News from 1920: Athenic rescues Munamar's passengers

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Mark Baber

MAB Note: The rescue described here took place on 3 May. The term
"n*****s" as originally rendered is no longer acceptable in polite society
and would not pass certain screening software. Curiously, this board's
bad word filter will allow the "word" "n*****s" but not the phrase "poor
*******", which is why the second incidence of that word in this note
and the following article is as it is.

The Poverty Bay Herald, Gisborne, New Zealand, 16 June 1920
Retrieved from the National Library of New Zealand web site

On her last passage from New Zealand to England the Athenic picked up the
passengers of the American steamer Munamar (3477 tons), which had run ashore
on Watling Island (the island in the West Indies on which Columbus first
landed on October 12, 1492, and to which he gave the name of San Salvador).
A Christchurch resident has received from his sister (who was a passenger in
the Athenic) the following account of the rescue: "On Sunday night, about 9
o'clock, the engines stopped dead, and we all wondered what had happened. We
soon learned, however, there was a ship ashore on the island of San
Salvador. It was too dark then to look for the shipwrecked people, but it
was a beautiful calm evening, and they had all been safely taken into
lifeboats, and would be all right till morning. We therefore stood by until
morning, or rather, we went slowly round and round in circles till daybreak,
and we then picked up the unfortunates. The ship Munamar was on its way from
Cuba to New York, with 83 passengers. It went too near the island, and
struck a coral reef, and it was fast filling with water. We took all the
passengers, mails, and baggage on board, and the captain and crew remained
behind in the boat to see what they could do. They were quite near the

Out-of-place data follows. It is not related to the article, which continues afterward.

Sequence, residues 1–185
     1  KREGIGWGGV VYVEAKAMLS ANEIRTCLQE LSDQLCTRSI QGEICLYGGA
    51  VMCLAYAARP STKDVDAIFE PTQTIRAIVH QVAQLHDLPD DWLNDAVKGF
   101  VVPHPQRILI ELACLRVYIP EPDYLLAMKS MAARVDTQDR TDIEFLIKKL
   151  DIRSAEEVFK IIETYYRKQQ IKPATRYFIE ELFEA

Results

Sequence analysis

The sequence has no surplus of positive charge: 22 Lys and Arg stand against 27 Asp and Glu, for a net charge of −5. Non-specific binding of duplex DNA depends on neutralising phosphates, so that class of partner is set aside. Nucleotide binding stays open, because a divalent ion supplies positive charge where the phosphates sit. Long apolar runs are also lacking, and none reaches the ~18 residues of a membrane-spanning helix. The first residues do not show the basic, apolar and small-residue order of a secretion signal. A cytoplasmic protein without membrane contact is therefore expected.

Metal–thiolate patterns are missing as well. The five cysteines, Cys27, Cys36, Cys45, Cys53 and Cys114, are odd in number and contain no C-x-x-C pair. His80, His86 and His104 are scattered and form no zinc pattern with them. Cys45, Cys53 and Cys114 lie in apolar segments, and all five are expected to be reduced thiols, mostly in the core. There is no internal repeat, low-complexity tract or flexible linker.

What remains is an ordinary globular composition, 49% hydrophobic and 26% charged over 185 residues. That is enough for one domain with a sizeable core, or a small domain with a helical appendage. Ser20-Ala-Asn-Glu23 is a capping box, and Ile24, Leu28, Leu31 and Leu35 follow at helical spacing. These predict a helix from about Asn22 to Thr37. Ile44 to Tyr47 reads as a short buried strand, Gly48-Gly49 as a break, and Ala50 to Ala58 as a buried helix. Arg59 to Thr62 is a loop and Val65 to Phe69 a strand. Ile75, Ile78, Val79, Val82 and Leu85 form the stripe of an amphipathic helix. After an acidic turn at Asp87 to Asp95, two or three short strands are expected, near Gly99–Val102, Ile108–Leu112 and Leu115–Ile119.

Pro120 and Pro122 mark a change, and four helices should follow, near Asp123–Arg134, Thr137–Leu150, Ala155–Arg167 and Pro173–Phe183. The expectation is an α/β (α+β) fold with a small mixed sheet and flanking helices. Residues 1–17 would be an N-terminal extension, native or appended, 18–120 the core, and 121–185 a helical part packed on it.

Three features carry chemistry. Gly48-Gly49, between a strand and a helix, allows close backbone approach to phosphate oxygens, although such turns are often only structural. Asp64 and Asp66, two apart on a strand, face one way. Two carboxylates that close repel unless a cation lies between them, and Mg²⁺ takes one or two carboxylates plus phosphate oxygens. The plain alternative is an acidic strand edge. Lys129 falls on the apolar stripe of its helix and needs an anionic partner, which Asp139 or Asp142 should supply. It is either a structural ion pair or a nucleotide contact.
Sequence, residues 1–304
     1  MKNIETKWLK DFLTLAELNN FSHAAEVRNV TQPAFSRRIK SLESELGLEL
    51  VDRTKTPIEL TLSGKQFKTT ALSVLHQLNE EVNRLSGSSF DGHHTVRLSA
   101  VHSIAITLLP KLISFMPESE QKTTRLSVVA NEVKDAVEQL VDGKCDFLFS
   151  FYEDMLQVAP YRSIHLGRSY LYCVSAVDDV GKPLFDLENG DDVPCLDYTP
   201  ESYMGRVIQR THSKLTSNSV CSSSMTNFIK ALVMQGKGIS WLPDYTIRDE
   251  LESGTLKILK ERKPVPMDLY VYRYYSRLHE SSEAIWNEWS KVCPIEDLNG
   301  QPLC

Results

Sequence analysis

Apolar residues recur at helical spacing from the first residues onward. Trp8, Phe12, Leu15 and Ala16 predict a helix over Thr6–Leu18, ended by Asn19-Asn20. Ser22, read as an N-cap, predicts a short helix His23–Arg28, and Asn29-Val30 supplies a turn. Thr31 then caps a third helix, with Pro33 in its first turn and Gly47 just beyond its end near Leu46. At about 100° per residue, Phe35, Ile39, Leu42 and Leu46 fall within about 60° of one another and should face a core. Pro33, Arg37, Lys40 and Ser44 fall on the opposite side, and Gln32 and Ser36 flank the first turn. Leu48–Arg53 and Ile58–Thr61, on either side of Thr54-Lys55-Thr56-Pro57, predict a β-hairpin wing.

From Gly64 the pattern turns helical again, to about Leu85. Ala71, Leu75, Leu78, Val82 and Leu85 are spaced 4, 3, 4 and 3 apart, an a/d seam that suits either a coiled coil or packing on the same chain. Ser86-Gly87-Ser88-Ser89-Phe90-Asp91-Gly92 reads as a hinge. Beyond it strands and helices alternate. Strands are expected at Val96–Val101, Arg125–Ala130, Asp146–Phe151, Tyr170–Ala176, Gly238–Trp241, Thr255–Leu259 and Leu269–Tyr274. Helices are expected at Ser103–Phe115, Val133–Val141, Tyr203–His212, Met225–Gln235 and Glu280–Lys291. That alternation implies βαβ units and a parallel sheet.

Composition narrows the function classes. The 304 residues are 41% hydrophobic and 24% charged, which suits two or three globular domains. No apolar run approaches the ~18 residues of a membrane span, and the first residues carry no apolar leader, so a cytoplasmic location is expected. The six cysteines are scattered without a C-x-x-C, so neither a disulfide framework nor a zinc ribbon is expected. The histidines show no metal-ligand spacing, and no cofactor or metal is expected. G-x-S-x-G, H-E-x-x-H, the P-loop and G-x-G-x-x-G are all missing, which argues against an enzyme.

island, and would be quite all right until the salvage people came along to
see if the boat could be saved. These new passengers are all 'Yankees,' and
there are about 30 'n*****s.' They have made a great many complaints about
the poor ******* being accommodated along with white people - but what else
could be done under the circumstances? - and, anyway, they will all be
landed at Newport News to-morrow.["]


Mark Baber

The Poverty Bay Herald, Gisborne New Zealand, 21 September 1920
Retrieved from the National Library of New Zealand web site,

The rescue of passengers from a stranded steamer was effected by the Athenic
on her last voyage from Wellington to London. On May 3 the Athenic picked up
the S.O.S. signal from the American steamer Munamar, which was on Gardiner
Reef, San Salvador. The Munamar was in a very dangerous position, and had 87
passengers on board. Captain Crossland decided to go down to the stranded
ship and take off the passengers. The Athenic had a full passenger list and
had not a single berth available, but the purser had beds made up in the
various public rooms. On arriving at daybreak, the chief officer, Lieut.
Commander P. R. Vaughan, D.S.C., R.N.R., left the Athenic in charge of boats
for the rescue work. All passengers were safely transferred with their
baggage in two hours, and the Athenic proceeded to Norfolk to disembark
them, arriving there three days later. The passengers were unanimous in
their praise of Captain Crossland and his officers for the great comfort
they all received on board the Athenic after their trying experiences. The
Munamar belonged to the Munson Line, of New York, and was bound from Cuba to
New York.


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